Map: These are the most dangerous road crossings in Copenhagen

The Local Denmark
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Map: These are the most dangerous road crossings in Copenhagen
Photo: Niels Ahlmann Olesen/Ritzau Scanpix

A preliminary report by Copenhagen Municipality has highlighted the increasing frequency of injury-causing traffic accidents on the Danish capital’s roads.


The report is based on police figures accounting traffic injuries and fatalities.

It should be noted that not all traffic accidents are recorded by police, and that figures taken from the healthcare system would likely reflect a higher number of accidents by a factor of 10, according to the report.

The Copenhagen Municipality report, Trafiksikkerhedsredegørelse 2019 – which is currently a preliminary report – found that the total number of fatalities and serious injuries increased from 177 in 2017 to 231 in 2018.

That is a 30 percent increase over the space of one year and is also the highest number since 2008, according to the municipality report.

The 231 recorded fatalities and serious injuries include 7 losses of life. 6 of the 7 killed were cyclists and of these, 3 were so-called ‘right-turn accidents’ (højresvingsulykker), or accidents involving a collision between a right-turning vehicle and a passing bicycle on the vehicle’s nearside. The bicycle has right of way in such situations.

60 percent of all those killed or seriously injured in Copenhagen Municipality traffic in 2018 were cyclists, while 25 percent were pedestrians.

Preliminary figures from 2019 show that the high level of serious accidents has continued from 2018, according to the report.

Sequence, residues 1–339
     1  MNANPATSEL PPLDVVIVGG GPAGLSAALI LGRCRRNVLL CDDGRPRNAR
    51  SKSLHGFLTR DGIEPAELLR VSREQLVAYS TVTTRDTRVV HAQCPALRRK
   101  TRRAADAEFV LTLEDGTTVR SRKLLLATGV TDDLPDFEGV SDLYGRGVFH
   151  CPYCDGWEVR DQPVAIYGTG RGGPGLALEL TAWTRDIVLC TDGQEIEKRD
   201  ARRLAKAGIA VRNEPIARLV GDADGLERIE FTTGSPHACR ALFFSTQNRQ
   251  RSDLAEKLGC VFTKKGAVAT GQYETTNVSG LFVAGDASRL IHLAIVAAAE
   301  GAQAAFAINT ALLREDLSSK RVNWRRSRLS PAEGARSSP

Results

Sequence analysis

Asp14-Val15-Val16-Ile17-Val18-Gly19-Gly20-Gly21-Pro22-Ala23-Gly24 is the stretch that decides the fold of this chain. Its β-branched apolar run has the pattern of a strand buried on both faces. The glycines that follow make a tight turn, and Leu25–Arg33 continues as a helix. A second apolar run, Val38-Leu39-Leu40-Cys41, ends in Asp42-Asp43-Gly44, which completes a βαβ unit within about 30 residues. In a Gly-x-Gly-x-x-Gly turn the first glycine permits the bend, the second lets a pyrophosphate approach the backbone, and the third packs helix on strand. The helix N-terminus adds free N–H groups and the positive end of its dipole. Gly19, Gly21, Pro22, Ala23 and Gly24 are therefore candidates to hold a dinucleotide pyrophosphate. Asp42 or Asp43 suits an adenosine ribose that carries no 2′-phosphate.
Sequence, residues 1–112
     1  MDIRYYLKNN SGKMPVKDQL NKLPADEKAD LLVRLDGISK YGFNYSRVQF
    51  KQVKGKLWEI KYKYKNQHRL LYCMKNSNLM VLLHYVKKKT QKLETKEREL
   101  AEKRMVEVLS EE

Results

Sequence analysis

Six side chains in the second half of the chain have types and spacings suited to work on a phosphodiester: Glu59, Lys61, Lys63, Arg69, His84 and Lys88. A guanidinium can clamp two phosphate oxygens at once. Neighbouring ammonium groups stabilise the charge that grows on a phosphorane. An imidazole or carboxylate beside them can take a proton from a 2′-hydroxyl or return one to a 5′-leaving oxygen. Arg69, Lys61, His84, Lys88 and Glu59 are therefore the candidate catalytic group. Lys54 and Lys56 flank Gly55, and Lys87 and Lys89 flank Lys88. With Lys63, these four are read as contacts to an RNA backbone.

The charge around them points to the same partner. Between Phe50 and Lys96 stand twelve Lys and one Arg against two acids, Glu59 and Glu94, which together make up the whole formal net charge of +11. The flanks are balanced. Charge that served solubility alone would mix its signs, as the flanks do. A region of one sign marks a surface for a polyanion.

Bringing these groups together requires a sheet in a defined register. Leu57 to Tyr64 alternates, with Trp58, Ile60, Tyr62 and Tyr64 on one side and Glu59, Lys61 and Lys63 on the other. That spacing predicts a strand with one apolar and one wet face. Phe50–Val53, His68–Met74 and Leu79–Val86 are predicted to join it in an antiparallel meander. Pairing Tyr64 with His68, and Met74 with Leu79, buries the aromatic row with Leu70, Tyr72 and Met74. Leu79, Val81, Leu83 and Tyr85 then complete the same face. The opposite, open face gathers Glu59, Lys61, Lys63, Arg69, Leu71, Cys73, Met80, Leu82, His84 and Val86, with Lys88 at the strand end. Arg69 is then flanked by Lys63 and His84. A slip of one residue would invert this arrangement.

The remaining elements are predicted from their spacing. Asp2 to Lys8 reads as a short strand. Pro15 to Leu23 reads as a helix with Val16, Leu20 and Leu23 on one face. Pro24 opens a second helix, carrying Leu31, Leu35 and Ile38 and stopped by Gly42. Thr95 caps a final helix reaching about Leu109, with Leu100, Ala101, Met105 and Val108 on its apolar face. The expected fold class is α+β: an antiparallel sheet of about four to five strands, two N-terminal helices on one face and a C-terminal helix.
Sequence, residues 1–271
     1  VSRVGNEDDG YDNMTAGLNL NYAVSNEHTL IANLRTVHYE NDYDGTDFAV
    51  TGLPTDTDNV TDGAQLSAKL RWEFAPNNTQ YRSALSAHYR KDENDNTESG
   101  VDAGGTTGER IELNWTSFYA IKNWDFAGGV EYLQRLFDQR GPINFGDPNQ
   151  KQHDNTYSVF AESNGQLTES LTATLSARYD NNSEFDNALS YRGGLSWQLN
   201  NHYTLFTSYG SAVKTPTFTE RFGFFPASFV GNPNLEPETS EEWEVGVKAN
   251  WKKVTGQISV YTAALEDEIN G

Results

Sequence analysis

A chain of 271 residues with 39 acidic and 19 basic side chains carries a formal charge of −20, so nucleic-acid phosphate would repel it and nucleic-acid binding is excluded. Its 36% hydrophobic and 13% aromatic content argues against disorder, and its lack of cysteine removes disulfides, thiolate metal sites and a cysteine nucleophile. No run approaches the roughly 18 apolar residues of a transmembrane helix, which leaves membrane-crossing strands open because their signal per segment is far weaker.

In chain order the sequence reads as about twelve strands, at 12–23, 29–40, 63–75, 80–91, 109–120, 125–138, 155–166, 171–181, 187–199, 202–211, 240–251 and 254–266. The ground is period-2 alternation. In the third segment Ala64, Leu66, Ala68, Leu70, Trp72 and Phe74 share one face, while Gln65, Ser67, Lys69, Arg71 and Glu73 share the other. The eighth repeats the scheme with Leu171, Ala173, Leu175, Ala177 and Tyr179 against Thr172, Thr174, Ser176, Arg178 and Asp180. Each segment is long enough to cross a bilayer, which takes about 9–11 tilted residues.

A target of zero fatalities and serious injuries in the city’s traffic by 2025 will be “very difficult” to achieve given the current rate of accidents, the municipality writes in the report.

In a report on the challenges faced by Copenhagen Municipality in improving road safety, newspaper Politiken highlights 10 road crossings within the municipal area in which 5 or more accidents resulting in serious injury or death were recorded by police between 2014-2018.

They are:

  • Ågade/Jagtvej: 11 accidents
  • Tagensvej/Jagtvej: 10 accidents (to be rebuilt)
  • Gyldenløvesgade/Nr. Farimagsgade: 9 accidents
  • Jyllingevej/Jernbane Allé: 8 accidents
  • Tuborgvej/Tagensvej: 7 accidents – now rebuilt
  • Nr. Voldgade/Gothersgade: 6 accidents
  • Frederikssundsvej/Åkandevej: 6 accidents
  • Bremerholm/Havnegade: 6 accidents
  • Christmas Møllers Plads/Amagerbrogade: 6 accidents – partially rebuilt
  • H.C. Andersens Blvd./Tietgensgade: 6 accidents

An additional junction, Jyllingevej/Ålekistevej, is named in the municipality’s report as being an accident hotspot, with 23 accidents including 4 resulting in personal injury since 2014. This junction is also included in the map below.

Politiken reports that the municipal council has is in support of reducing speed limits from 40 kilometres per hour to 30 kilometres per hour on suitable roads in an effort to cut accident figures. Police remain opposed to such action, which would require parliamentary backing, however. That is because it would reduce traffic flow, the newspaper writes.

The municipal report outlines 47 specific measures that could be taken which, the report argues, would improve road safety. These are divided into three categories: reducing right-turn-related accidents; traffic safety for children and young people; and other traffic safety initiatives.

Although improvements – as identified by Politiken in the list above – are being made in some places, the municipality is constrained by limits set by parliament termed anlægsloft. Broadly, this means that spending on city fixtures and fittings must not exceed limitations placed on specific areas – such as bicycle lanes or junction renovation.

“It’s a big problem that [the government-set limit] does not allow for (more) bicycle lanes to be built. Many projects are seeing delays,” Copenhagen Municipality’s elected head of urban planning [Danish: Teknik- og miljøborgmester, ed.] Ninna Hedeager told Politiken.

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